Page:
I recite the above historical sketch to impress on readers that I was a big proponent of Christian education, be it church schools or home schooling. In 1989, after having a falling-out with Polly’s preacher uncle, I started a church-operated Christian school in southeast Ohio. I served as the administrator of this school until March 1994, at which time I packed up my family and moved them to San Antonio, Texas, so I could become the co-pastor of Community Baptist Church. While at Community, I started Community Baptist Academy in Elmendorf, Texas. Once the school was up and running, I moved on to other duties. The school had 55 students its first year. I left the church later that year (Please see the series, I Am a Publican and a Heathen.) The church later shuttered the school.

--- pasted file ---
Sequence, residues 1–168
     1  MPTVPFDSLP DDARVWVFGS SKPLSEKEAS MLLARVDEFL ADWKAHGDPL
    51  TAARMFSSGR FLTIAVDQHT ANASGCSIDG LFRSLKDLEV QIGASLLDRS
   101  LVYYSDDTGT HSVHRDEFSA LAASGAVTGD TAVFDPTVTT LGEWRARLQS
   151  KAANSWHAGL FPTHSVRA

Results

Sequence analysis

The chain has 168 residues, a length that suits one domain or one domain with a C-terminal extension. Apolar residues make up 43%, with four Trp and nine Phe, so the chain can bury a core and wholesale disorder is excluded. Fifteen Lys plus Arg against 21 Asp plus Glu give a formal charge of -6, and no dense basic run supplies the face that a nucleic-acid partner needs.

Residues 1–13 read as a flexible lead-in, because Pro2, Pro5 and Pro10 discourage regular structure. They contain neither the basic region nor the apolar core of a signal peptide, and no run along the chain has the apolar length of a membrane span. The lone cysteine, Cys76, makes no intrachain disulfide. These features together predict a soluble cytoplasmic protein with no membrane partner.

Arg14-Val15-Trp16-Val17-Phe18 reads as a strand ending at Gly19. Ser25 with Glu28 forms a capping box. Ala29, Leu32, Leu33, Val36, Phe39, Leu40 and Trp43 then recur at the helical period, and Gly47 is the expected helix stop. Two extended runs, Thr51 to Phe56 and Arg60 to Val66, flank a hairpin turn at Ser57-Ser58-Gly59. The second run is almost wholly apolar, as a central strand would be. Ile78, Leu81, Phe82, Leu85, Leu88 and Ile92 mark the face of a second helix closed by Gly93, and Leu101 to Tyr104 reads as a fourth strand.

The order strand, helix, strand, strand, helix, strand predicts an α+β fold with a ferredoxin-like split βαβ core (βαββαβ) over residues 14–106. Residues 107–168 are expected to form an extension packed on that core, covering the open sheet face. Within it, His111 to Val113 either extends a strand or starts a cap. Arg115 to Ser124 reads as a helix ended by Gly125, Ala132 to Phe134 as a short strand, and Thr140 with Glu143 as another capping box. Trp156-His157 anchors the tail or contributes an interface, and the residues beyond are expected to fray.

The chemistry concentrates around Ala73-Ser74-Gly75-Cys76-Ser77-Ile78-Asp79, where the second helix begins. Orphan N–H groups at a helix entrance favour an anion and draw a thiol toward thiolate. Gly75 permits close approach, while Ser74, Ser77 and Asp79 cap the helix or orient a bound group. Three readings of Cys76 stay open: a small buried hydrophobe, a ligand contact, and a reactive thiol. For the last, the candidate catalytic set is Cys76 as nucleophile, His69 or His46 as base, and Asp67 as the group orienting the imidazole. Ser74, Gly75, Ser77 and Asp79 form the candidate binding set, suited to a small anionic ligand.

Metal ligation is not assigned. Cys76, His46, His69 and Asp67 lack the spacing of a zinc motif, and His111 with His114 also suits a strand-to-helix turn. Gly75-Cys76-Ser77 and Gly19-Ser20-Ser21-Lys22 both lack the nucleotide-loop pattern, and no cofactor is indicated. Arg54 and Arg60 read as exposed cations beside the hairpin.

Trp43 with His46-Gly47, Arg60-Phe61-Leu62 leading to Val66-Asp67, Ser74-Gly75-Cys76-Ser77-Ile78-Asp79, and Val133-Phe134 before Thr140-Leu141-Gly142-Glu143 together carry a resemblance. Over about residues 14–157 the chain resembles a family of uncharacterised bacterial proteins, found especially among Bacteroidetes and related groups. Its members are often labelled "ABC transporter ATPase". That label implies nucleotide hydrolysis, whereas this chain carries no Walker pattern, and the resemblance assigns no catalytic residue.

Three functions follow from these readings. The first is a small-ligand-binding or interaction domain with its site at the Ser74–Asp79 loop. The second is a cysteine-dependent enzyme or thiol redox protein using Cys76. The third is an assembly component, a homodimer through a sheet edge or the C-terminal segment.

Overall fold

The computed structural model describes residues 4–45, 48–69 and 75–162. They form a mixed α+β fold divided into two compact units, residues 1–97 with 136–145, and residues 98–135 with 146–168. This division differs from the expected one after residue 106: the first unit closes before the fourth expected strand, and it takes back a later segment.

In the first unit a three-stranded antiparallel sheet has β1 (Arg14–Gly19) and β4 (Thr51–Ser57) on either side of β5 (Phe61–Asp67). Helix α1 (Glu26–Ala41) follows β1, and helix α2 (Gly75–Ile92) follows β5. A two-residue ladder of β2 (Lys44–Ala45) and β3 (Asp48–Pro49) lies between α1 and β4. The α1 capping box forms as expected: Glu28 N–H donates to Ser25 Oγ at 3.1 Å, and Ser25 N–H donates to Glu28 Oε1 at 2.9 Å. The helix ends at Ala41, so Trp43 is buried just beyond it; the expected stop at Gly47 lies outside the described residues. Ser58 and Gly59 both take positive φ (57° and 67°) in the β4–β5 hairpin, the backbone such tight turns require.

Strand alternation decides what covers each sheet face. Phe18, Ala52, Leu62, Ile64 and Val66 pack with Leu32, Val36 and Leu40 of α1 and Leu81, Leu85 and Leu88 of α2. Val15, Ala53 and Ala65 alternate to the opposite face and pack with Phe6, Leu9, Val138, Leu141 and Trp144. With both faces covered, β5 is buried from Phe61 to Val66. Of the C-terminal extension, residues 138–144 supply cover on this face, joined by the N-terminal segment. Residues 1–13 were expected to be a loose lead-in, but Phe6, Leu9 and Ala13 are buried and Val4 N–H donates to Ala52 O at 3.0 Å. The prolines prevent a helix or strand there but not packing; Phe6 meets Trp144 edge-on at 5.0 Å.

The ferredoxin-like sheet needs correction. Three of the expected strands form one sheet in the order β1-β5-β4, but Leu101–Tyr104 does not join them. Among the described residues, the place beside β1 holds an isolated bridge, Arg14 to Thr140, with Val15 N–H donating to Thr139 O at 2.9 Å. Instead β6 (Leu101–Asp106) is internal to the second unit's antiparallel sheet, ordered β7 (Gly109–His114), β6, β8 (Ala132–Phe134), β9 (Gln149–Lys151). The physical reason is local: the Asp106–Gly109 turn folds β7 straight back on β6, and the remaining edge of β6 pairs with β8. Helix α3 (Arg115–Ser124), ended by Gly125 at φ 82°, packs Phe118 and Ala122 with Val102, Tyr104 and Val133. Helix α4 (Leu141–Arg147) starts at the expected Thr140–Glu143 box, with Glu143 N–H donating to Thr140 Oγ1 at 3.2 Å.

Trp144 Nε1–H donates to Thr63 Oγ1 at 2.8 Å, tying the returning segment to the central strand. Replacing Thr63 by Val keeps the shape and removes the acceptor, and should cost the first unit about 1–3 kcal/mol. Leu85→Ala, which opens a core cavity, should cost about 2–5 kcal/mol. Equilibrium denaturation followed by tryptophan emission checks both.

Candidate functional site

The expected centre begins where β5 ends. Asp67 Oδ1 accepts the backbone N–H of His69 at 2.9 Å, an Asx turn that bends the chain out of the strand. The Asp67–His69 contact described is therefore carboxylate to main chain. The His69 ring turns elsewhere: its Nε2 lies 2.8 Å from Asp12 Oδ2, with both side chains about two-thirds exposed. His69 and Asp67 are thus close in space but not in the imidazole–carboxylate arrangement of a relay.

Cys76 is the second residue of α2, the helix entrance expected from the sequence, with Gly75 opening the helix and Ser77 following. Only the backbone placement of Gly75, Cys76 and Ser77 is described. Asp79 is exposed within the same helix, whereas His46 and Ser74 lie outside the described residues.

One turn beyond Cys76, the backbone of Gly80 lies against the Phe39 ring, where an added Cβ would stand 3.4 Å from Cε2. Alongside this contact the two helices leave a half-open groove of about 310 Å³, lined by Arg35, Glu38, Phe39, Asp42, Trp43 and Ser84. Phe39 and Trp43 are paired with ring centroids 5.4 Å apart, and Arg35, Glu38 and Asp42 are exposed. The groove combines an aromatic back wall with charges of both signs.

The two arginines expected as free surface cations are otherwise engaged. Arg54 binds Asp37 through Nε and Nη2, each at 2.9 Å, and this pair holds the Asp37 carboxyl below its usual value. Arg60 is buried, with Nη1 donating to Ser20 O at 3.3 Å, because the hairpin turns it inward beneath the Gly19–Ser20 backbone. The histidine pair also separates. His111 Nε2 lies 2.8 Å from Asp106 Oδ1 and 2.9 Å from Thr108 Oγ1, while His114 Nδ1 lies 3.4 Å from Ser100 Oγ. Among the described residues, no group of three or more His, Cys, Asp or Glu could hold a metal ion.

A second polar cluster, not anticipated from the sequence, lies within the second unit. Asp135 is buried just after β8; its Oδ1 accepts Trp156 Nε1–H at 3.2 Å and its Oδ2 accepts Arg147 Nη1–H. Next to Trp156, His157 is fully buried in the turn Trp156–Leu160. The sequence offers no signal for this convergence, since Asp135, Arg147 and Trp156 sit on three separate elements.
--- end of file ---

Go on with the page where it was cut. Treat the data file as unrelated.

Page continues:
Ohio and Texas were similar when it came to regulations governing church schools. Simply put, there were no rules outside of fire and safety requirements. When I say NO rules, that’s what I mean – no curriculum or teacher requirements. Both states minimally regulated home education, but when it came to controlling schools owned and operated by churches, it was hands-off. In Ohio, schools such as Somerset Baptist Academy were called non-chartered nonpublic schools — institutions that objected to state oversight for religious reasons. Many Ohio parochial schools, however, were considered chartered nonpublic schools. Such school:

. . .holds a valid charter issued by the state board of education and maintains compliance with the Operating Standards for Ohio’s Schools. These schools are not supported by local or state tax dollars and require the family to pay tuition. Chartered Nonpublic schools are eligible for the Administrative Cost Reimbursement Program, Auxiliary Services Program and Transportation services for students.